He revealed what the problem was with Rakitic.
“I asked him how he was, and he was rather negative, he told me he could not play, he did not have that old vision on the field, and he was missing out on the details, I felt pessimism and I started to think of another solution in my head. I told him we would change his position because he did not play the position he was used to. He immediately responded positively, and told me that he was ready for the match the next morning before the morning meeting.”
Dalic played Rakitic alongside Badelj in a deep midfield role as part of the 4-2-3-1 formation while Modric was roaming free in the no.10 role. Rakitic finally had the opportunity to turn his head towards the opposition goal with the ball at his feet, alowing him to analyze the situation and choose a perfect solution to continue an attack.
Simultaneously, when in good shape, he’s rather clinical in his defensive tasks, timely in tackles and secure on the ball when in possession too. Looking at this season in Barcelona, Rakitic was Valverde’s main man with the most appearances in the Blaugrana shirt (55), which was even one more than Lionel Messi.
Per Twelve, Rakitic was the best-rated player in the match against Argentina. To confirm everything I wrote earlier, it is enough to look at the graphic presentation of Rakitic’s performance by Twelve in matches against Nigeria and Argentina where you can see balanced numbers both in the attack and defence sections.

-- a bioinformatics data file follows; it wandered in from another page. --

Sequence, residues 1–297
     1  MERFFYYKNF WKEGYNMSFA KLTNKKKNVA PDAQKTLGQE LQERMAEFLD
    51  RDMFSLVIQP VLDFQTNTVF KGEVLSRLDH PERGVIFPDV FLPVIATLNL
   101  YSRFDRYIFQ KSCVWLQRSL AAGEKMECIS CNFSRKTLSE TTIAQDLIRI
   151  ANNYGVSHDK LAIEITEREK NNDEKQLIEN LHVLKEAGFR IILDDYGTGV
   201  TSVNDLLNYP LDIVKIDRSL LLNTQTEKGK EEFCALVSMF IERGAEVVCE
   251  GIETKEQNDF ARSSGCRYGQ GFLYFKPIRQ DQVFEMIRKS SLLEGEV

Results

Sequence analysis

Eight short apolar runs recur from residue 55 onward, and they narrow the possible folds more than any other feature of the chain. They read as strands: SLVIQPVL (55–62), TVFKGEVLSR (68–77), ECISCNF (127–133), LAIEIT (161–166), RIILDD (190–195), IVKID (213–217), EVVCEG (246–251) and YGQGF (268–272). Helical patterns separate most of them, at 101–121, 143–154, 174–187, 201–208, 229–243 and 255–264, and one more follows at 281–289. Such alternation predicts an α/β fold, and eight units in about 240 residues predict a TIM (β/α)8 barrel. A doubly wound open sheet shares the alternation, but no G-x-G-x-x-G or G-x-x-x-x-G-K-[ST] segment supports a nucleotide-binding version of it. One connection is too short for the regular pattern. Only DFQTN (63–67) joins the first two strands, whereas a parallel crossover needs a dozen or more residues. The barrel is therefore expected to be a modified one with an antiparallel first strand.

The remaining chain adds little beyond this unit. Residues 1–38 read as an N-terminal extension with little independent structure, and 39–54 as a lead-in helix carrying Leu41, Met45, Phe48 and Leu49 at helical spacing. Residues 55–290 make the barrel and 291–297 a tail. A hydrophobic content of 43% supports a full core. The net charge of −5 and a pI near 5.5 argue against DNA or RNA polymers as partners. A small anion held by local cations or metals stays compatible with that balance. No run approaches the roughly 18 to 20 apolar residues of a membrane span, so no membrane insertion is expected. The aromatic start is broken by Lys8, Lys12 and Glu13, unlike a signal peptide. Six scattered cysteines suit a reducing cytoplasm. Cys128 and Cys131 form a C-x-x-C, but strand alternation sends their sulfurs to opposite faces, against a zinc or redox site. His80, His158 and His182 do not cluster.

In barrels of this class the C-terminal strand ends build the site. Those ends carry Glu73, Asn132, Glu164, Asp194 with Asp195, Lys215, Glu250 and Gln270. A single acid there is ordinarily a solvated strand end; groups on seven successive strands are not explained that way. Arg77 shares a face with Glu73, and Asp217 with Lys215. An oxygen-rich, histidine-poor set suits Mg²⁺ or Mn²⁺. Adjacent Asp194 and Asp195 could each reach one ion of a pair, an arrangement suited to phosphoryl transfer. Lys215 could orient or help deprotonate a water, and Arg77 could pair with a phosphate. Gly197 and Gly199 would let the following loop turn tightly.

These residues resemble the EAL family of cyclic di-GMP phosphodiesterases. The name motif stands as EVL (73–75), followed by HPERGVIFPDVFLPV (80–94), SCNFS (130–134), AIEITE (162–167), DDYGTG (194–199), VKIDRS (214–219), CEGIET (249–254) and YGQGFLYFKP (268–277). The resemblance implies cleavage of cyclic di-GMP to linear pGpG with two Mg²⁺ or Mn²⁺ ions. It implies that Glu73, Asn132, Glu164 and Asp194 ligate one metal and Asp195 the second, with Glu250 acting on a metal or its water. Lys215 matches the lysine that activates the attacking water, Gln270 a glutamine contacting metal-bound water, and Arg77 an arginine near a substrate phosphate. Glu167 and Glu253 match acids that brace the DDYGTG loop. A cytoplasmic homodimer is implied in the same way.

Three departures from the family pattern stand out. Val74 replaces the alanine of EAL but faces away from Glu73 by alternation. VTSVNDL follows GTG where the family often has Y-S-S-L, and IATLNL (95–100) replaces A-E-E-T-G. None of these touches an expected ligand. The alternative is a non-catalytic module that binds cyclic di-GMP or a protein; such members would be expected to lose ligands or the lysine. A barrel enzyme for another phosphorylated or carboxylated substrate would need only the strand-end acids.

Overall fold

It’s clear that against the African side Ivan played more offensively with 789 attack points, in comparison to the Argentina game where he was primarily defensive oriented with 853 defence points. But he also scored the third goal and hit the crossbar, and so won Twelve’s ‘Man of the match’ award.
Since Luka Modric is undoubtedly a world-class midfielder and it is not necessary to spend words and compliments on him, Rakitic’s resurrection is the real proof of the work and change in the team that came upon the arrival of Zlatko Dalic.
In my opinion, the Croatian side is not even a ‘dark horse’ as it was called, but rather a serious team with clearly defined goals and tasks. One who prefers playing against bigger sides, rather than against underdogs where they struggle to make an impact in the attacking phase and create chances from open play.
Therefore, if the coming draw will suit them in that way, only the sky is the limit. This means Croatia will likely want to get France rather than Denmark in the next stage of World Cup which, at first, can sound absurd. But objectively it’s easier for them to play reactive football in which you must wait and provoke the opposition’s mistakes, rather than creating chances from possession play. On this front, Croatia has showed it is vulnerable and still not up to the task.